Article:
U.S. sanctions sour ties with Russia

By Guy Faulconbridge

U.S. sanctions against two leading Russian arms exporters mark a new low in chilly ties between the White House and the Kremlin and could scupper major potential trade deals with U.S. firms, the Russian press said on Monday.

The United States on Friday announced sanctions on seven firms from Russia, India, North Korea, and Cuba for selling restricted items to Iran, which Washington fears is trying to make nuclear weapons.

Sanctions were imposed on Russian state export agency Rosoboronexport — headed by a close friend of President Vladimir Putin — and state-owned warplane maker Sukhoi, meaning they can no longer work with U.S. firms.

"The imposition of sanctions against Rosoboronexport is practically a declaration of economic war against Russia," the Izvestia newspaper, owned by state-controlled gas giant Gazprom, said in a front-page story.

"The Strategic Partnership between the U.S. and Russia has Ended," the Kommersant daily said in its front page headline.

Putin and President Bush say they are friends but at a briefing during the Group of Eight summit in July Putin traded barbs with Bush over the state of democracy in Iraq. Bush raised concerns over Russian democracy privately with Putin.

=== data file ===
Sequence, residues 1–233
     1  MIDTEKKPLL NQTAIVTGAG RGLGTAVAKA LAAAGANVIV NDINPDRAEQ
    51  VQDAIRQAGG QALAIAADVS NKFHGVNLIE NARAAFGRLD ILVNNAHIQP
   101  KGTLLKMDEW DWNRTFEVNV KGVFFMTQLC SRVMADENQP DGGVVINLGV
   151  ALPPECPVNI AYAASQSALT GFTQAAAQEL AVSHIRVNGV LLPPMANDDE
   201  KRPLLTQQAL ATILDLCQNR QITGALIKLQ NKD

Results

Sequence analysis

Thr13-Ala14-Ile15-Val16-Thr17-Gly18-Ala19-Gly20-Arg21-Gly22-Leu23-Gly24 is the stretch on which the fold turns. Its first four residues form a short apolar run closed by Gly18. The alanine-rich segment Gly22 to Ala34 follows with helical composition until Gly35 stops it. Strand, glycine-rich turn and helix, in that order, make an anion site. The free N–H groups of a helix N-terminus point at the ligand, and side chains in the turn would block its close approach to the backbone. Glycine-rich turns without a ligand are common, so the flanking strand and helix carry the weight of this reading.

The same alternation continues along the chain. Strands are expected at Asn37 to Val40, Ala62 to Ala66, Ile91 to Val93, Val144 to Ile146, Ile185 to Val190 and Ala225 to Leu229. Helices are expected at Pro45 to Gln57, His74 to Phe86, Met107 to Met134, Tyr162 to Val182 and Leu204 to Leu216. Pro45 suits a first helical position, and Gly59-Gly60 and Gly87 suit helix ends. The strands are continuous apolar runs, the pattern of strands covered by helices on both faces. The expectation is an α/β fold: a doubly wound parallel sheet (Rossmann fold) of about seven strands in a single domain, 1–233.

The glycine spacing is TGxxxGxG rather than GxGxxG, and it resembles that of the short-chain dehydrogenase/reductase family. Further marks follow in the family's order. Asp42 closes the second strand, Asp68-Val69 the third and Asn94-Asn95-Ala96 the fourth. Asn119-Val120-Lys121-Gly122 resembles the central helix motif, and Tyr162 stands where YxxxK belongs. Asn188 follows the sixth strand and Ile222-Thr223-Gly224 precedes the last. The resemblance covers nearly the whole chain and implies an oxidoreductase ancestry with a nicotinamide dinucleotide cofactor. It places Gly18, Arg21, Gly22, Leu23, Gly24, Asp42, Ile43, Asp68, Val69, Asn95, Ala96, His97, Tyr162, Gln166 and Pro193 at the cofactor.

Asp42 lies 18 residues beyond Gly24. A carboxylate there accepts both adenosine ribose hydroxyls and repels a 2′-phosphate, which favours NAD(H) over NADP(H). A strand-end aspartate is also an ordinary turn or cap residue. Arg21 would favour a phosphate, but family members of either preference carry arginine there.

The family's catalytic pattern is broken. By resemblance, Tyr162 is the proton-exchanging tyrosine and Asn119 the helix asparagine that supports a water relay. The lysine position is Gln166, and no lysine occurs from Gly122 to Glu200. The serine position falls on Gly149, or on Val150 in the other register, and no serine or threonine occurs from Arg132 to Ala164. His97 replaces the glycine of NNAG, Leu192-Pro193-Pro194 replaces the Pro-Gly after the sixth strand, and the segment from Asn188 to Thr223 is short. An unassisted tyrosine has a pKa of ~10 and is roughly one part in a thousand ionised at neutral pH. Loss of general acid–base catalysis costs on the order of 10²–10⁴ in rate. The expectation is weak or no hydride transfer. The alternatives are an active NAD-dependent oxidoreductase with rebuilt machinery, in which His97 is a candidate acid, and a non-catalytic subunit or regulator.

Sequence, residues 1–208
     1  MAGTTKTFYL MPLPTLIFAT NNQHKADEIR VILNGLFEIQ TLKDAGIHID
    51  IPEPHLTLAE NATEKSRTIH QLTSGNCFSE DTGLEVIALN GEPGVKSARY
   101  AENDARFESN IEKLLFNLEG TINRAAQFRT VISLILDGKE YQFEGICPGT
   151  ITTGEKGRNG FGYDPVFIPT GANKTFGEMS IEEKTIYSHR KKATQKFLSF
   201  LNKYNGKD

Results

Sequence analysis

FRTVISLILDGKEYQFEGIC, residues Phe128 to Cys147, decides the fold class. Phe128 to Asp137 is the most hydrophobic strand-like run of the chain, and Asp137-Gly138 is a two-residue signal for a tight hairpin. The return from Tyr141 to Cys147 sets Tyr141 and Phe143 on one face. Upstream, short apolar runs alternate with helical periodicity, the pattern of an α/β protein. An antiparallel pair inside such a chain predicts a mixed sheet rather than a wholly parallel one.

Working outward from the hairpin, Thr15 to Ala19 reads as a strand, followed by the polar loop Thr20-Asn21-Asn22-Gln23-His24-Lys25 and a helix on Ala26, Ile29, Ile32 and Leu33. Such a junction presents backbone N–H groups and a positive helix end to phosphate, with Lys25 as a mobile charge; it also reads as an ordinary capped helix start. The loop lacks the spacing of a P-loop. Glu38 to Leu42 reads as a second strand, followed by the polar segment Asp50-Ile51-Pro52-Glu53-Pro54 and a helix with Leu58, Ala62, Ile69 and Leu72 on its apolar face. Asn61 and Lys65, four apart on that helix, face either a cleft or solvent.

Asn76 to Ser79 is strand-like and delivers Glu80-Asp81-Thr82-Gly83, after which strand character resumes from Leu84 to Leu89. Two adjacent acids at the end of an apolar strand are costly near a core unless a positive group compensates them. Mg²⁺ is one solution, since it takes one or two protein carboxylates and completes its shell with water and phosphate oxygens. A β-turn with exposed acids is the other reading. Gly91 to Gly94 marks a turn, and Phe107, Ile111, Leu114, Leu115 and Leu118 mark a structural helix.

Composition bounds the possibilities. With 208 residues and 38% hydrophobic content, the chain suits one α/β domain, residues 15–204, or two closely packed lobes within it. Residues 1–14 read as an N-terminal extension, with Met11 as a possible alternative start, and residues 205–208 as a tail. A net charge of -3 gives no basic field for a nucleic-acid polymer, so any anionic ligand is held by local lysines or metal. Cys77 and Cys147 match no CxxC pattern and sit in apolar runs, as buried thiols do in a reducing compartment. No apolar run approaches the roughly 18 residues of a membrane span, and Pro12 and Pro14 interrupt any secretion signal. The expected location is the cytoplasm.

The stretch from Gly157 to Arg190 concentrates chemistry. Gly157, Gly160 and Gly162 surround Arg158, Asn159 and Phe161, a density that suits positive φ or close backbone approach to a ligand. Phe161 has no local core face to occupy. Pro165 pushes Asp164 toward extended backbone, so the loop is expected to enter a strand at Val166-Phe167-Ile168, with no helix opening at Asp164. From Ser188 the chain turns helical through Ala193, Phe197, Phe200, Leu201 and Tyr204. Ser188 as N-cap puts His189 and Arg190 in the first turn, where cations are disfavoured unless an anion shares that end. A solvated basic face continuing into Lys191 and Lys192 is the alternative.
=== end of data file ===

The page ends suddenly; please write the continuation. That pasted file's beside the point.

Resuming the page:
Ties between Moscow and Washington have cooled since a high point after the September 11, 2001, attacks on the United States when Putin rushed to pledge solidarity with Bush in fighting terrorism.

Since then, differences over policy in the Middle East, gas supplies to Europe, accession to the World Trade Organization and competition for allies in the former Soviet Union have strained relations.

The State Department said sanctions were imposed after Washington obtained credible information that the companies had transferred materials to Iran since January 1, 1999, that could contribute to the development of weapons of mass destruction or missile systems.

Russia last year made a contract to sell Iran TOR-M1 ground-to-air missile systems and to modernize the Islamic Republic’s Russian fighters, bombers and military helicopters.

But Russian media said the sanctions were imposed because of Russia’s announcement last month of $3 billion in arms deals with Venezuela. Kommersant said special services analysts briefed Putin a month ago that the U.S. could use Moscow’s ties with Iran to impose sanctions for its deals with Venezuela.

Izvestia said the chilly ties could affect a whole range of major trade deals, including a decision by Russian flagship carrier Aeroflot on whether to award a $3 billion long-haul plane contract to Boeing or Airbus.

© 2006 Reuters